Sustainability in Construction

Construction industry must inevitably change its historic methods of operating with little regard for environmental impacts to a new mode that makes environmental concerns a centerpiece of its efforts. Previously, the concern on environment was relatively a small part of most construction development. However, with the growing awareness on environmental protection due to the depletion of non-renewable resources, global warming, and extremity of destruction to ecology and biodiversity impact, this issue has gained wider attention by the construction practitioners worldwide. Many efforts are being directed to build sustainably in the construction world. The direction of the industry is now shifting from developing with environmental concern as a small part of the process into having the development process being integrated within the wider context of environmental agenda. Thus, the activities of construction industry must work and comply with the needs to protect and sustain the environment. This shift of ideology is illustrated in Fig. 24.1. Sustainable construction, which has inevitably been dubbed 'green construction,' describes the responsibility of the construction industry in attaining sustainability. Sustainable construction aims to produce structures that enhance the quality of life and protect the environment efficiently and profitably. Sustainable construction is all about maintaining a balance between the human need for buildings for shelter and business operations and infrastructure for higher quality of well-being on the one hand, and preserving natural resources and ecosystems, on which we and future generations depend on the other hand, as shown in Fig. 24.2.

Construction Solar Energy
Fig. 24.2 Achieving balance of sustainable construction.

Kibert (2007) has introduced seven principles of sustainable construction as encapsulated in Table 24.1. The first principle (conserve) is of utmost importance because it contrasts the major problem that forces us to address sustainability in the first place - over consumption. It leads us to use passive measures to provide heating, cooling, ventilation, and lighting and forces us to consider high-efficiency system and durable materials that require low maintenance. Second principle (reuse) refers to the desire of reusing resources that we have extracted with minimal reprocessing. Third principle (renew/recycle) refers to items that are in essence reduced to raw materials and used as new products. Resources that are recyclable, that have recycled content, or that are from renewable resources must be given priority over non-recyclable/non-renewable resources. Principle 4 concerns exercising environmental stewardship and restoring the nature where possible. The fifth principle (non-toxics) in a practical sense is the elimination of toxics in the indoor and exterior built environment. Principle 6 is about the economic side of construction which has direct consequences on the environment. By including the life cycle costing as early as possible in the project process and embedded this consideration in the development of project design, it will have a positive impact on the level of pollution produced, energy usage and frequency of maintenance during the occupation of the building. Last but not least, Principle 7 is about quality of life which can be achieved through excellence in design, workmanships in producing the outcome, planning for communities at large, management and selection of materials, etc.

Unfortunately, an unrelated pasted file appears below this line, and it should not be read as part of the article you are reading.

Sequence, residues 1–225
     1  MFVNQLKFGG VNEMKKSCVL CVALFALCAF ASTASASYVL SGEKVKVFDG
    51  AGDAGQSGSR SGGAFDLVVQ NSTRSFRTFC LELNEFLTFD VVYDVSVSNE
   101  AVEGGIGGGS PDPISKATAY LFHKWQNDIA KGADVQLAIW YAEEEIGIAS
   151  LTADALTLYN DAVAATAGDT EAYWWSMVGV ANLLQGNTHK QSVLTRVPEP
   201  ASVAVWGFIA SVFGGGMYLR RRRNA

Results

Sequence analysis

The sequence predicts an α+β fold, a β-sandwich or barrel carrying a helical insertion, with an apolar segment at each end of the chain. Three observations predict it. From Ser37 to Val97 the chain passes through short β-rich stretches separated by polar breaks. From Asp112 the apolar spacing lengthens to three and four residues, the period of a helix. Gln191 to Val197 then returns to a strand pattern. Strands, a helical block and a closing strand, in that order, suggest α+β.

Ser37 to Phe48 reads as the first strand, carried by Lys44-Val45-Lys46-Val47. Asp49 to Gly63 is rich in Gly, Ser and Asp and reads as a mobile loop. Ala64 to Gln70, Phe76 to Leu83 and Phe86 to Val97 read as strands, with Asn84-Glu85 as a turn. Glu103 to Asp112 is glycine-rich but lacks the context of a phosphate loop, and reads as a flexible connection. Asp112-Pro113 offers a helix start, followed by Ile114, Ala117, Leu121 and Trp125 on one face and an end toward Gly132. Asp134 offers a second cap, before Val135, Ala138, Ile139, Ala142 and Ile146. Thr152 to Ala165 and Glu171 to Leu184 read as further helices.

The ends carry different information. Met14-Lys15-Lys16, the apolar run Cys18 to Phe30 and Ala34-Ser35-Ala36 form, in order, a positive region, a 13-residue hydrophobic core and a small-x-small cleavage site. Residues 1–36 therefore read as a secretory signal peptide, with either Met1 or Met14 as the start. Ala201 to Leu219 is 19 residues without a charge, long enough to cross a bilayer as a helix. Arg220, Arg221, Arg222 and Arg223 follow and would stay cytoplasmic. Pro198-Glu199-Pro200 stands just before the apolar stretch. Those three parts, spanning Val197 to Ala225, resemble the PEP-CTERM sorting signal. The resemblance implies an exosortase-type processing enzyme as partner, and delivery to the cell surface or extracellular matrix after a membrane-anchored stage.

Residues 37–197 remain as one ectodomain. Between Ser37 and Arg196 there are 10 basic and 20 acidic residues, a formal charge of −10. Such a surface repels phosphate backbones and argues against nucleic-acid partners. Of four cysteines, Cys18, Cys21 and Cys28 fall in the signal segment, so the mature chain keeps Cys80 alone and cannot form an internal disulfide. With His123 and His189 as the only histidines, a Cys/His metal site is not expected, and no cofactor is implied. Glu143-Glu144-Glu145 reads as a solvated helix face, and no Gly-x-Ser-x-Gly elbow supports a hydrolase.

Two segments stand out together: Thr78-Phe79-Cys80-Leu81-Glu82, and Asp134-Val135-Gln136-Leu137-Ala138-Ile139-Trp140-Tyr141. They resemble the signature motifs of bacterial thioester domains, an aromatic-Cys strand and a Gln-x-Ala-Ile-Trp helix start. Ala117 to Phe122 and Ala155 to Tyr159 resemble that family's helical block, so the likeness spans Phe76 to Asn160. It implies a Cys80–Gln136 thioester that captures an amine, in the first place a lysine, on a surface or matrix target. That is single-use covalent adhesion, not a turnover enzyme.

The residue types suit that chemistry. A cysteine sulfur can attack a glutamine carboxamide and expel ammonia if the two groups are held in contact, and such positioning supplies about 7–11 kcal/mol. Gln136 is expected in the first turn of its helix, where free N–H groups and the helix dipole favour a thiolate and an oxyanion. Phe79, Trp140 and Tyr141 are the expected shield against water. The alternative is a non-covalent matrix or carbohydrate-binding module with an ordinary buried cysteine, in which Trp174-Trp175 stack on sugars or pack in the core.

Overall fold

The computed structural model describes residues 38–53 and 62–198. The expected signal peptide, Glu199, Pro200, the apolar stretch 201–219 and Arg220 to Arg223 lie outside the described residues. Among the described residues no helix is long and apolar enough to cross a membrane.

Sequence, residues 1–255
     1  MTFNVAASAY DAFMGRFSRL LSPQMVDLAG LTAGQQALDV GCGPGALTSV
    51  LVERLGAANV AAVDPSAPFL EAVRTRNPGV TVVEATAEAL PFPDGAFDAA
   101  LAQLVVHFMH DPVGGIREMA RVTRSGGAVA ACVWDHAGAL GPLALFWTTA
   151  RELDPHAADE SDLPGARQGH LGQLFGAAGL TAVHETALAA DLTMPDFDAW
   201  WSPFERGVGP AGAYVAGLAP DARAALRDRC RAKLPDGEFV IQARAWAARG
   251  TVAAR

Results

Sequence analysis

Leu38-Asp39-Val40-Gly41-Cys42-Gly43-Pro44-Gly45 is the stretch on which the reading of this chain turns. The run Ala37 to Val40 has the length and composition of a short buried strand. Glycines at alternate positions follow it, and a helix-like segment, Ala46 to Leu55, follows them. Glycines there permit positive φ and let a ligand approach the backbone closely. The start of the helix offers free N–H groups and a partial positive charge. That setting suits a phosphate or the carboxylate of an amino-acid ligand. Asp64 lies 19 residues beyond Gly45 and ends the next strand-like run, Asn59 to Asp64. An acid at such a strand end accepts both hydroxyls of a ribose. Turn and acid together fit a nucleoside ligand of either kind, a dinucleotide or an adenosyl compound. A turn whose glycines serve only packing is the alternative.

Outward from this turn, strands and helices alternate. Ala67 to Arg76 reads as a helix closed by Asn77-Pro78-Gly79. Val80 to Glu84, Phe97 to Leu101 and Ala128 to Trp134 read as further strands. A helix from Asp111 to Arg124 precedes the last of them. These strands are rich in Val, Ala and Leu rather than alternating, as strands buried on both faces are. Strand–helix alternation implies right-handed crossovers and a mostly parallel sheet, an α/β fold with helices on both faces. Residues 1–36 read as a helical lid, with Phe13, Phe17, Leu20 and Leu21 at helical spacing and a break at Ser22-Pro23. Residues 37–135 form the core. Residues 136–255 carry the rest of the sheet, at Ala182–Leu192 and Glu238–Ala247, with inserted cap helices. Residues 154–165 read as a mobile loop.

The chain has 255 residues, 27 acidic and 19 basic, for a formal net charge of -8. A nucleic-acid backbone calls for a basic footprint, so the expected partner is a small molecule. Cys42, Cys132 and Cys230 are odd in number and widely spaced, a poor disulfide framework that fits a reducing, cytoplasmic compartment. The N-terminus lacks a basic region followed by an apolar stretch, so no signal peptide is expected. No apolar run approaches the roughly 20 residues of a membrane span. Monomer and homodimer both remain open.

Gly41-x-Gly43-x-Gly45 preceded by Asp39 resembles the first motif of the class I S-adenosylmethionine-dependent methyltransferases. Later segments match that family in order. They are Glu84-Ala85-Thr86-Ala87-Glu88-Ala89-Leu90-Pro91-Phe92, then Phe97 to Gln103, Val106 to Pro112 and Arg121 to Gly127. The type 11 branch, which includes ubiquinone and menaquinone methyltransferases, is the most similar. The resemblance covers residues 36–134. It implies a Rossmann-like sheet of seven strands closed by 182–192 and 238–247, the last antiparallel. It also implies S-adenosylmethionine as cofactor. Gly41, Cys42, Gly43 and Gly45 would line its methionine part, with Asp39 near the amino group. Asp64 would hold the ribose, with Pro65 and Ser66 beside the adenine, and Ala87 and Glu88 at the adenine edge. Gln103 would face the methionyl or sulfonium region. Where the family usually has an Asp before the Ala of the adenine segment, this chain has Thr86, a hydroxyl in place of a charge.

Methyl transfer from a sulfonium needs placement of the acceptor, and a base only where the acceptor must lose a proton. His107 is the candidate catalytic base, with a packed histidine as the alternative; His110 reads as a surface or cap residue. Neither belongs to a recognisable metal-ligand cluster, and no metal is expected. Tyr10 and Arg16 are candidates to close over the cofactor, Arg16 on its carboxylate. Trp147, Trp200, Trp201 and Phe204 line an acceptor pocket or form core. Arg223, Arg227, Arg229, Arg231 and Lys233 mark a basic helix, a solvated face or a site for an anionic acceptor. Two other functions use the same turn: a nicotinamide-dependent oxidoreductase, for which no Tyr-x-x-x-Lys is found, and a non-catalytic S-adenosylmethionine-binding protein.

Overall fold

Table 24.1 The seven principles of sustainable construction.

Principle 1 - Minimize resource consumption (conserve) Principle 2 - Maximize resource reuse (reuse) Principle 3 - Use renewable or recyclable resources (renew/recycle) Principle 4 - Protect the natural environment (protect nature) Principle 5 - Create a healthy, non-toxic environment (non-toxics) Principle 6 - Apply life cycle cost analysis and true cost (economics) Principle 7 - Pursue quality in creating the built environment (quality)

Source: Kibert (2007)

Construction practitioners worldwide are beginning to appreciate sustain-ability and acknowledge the advantages of sustainable building. For example, the concept of green building costs lower than conventional method and saves energy as demonstrated by Hydes and Creech (2000). This was further supported by Heerwagen (2000), Bartlett and Howard (2000), and Pettifer (2004), who added that sustainable buildings will contribute positively to better quality of life, work efficiency, and healthy work environment. Yates (2001) explored the business benefits of sustainability and concluded that the benefits are diverse and potentially very significant. The approach of sustainable construction with its underlying principles provides a comprehensive guide to enable the construction players to be more responsible to the environmental protection needs without neglecting the social and economic needs in striving for a better living.

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